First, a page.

The supers were once uncontrolled heroes, and they occassionally did real damage in their efforts to fight evil. So they were banned. This reaction was too extreme.

By the end of the movie, there is an agreement between Mr. Incredible and the anonymous government goon to find a way where the abilities of the supers can be harnessed (either by, or with the cooperation of, the government) to the benefit of society. This is anathema to Rand's sophomoric philosophy.

MosBen said...

As I've heard it told, Moore was really the first, or at least the most influential, to take the spandex hero crowd and write about what effect they would have if they actually existed in a real world. What kind of people become heroes? What would the reaction of the general populace be to the damage caused by heroic combat? The anti-heroing law in The Incredibles is pulled straight from Watchmen.

It's not to say the whole film is directly pulled from Watchmen, but rather that it seems influence heavily by Watchmen and likely couldn't have been made without the study of super heroes Moore did twenty years ago.

Anonymous said...

I suggest you read more closely in the future, though for the moment, I will assume you have some conception of The Fountainhead's plot. The public housing project Howard Roark destroys in Aynd Rand's novel, The Fountainhead, is still under construction; he destroys the bastardization of his work before it is complete. The building, explicitly stated in the text, is unoccupied. Moreover, Roark makes a concerted effort to lure away the sole night watchman responsible for guarding the construction site. You will remember, Dominique Francon claimed to the watchman: her car had broken down; accordingly, the night watchman left the construction site to seek out a garage for assistance. The only casulity in Roark's demolition of the housing project is Dominique Francon, whose wounds are self-inflicted in order to obfuscate her connection to Roark. What is more, Roark is not motivated by public recognition or popularity in creating a building, as you imply in your fallacious comparison to Syndrome. In the novel, Roark agrees to design the housing project for Peter Keating, though he does not wish to receive credit. The only condition is that the work be done to his exact specifications. In this he is selfish, he will not compromise his values. To sacrifice one's values to the values of others is altruistic. The embodiment of that ideal is seen in the antagonistic character of Peter Keating, who panders to public approval, not in Howard Roark. Thus, your comments are as factually erroneous as they are illogicall. Neither the protagonist nor the antagonist of The Incredibles is Ms. Rand's conception of the heroic. And, lastly, to address drew's comments: your opinion of The Fountainhead, moreover of Objectivism, as "sophmoric" is negated by your agreement with Noumena's factual inaccuracy.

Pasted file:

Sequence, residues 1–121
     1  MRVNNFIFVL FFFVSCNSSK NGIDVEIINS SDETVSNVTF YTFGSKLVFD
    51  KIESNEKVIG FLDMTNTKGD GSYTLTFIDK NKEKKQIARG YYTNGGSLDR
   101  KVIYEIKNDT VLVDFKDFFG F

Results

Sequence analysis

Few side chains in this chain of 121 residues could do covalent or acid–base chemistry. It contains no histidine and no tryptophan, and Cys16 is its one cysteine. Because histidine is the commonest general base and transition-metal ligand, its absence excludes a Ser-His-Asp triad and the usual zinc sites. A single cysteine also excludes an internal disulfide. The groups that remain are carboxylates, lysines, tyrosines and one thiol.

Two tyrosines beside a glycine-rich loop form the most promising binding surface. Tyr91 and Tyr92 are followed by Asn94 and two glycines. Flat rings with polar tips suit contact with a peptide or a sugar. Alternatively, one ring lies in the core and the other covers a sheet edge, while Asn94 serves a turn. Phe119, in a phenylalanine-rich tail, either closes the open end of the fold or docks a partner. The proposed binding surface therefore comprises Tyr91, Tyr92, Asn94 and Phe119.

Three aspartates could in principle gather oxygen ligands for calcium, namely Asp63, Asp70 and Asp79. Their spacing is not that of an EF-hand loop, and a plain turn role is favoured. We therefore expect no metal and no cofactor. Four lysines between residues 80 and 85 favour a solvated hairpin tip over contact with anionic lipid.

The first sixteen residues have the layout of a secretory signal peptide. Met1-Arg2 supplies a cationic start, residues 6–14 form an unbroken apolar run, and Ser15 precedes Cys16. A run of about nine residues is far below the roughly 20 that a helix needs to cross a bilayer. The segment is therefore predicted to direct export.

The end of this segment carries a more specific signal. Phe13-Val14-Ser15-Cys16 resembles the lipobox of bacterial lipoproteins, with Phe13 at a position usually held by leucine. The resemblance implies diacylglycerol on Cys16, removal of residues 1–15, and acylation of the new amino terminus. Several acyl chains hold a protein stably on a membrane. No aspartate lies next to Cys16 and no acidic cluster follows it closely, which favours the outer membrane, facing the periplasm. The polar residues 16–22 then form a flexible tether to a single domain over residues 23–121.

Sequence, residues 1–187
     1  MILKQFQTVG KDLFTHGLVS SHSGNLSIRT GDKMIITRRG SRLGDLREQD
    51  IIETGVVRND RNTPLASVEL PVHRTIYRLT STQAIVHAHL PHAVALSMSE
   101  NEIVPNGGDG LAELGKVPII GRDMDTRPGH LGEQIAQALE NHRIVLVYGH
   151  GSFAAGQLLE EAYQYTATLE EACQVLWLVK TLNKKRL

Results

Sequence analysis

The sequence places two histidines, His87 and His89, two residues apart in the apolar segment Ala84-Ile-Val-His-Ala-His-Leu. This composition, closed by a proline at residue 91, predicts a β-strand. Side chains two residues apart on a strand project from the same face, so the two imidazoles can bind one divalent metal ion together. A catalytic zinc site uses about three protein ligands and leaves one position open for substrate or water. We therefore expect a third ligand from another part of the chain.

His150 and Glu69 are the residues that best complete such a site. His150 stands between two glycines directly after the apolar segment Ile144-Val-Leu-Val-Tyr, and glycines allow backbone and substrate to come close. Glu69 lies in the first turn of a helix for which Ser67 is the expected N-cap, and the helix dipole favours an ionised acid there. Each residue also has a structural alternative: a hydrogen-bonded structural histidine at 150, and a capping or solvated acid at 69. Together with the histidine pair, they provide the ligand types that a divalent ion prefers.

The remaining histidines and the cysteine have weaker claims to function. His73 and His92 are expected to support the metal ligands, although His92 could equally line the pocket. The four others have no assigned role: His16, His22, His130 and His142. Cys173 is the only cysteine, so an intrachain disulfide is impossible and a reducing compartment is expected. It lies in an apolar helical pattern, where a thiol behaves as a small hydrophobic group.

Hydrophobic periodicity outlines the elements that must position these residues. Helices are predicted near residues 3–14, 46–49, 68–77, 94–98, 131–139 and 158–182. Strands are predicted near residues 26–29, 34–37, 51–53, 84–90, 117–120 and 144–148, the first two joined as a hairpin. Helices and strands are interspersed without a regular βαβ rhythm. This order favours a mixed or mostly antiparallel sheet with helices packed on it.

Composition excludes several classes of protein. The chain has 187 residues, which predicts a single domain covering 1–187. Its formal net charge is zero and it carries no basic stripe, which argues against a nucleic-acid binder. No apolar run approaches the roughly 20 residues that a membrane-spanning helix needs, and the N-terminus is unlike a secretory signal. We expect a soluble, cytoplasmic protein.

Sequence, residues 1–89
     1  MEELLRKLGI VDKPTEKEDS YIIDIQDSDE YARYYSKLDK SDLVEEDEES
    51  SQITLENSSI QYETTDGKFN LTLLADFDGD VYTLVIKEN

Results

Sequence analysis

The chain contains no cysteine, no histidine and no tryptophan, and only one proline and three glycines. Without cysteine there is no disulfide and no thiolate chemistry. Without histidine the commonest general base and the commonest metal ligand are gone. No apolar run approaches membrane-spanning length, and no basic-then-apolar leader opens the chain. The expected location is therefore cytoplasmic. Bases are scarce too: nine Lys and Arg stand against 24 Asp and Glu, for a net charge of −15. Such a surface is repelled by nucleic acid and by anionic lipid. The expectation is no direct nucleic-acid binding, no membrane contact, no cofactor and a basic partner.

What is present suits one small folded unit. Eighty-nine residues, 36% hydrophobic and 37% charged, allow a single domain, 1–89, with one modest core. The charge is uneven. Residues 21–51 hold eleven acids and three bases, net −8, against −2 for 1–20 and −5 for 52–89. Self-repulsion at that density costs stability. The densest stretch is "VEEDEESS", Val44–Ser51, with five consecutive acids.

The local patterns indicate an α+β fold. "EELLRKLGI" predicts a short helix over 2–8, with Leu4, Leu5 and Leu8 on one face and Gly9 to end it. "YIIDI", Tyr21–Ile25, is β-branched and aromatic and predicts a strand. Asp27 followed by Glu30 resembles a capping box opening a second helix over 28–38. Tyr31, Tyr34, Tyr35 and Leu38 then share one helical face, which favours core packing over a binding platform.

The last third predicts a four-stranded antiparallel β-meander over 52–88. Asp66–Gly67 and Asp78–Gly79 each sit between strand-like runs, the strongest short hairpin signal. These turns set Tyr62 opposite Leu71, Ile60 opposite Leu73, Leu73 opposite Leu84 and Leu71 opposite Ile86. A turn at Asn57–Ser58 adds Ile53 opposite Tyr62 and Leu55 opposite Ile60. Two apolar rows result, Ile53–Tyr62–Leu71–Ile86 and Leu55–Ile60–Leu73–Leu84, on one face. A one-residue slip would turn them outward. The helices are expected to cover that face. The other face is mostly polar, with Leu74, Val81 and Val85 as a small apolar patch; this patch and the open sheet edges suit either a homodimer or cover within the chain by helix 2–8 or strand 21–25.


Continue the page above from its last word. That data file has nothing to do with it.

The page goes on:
Anonymous said...

What are you talking about, "killed everyone inside"? There was nobody inside! The project wasn't even complete when Roark blew it up!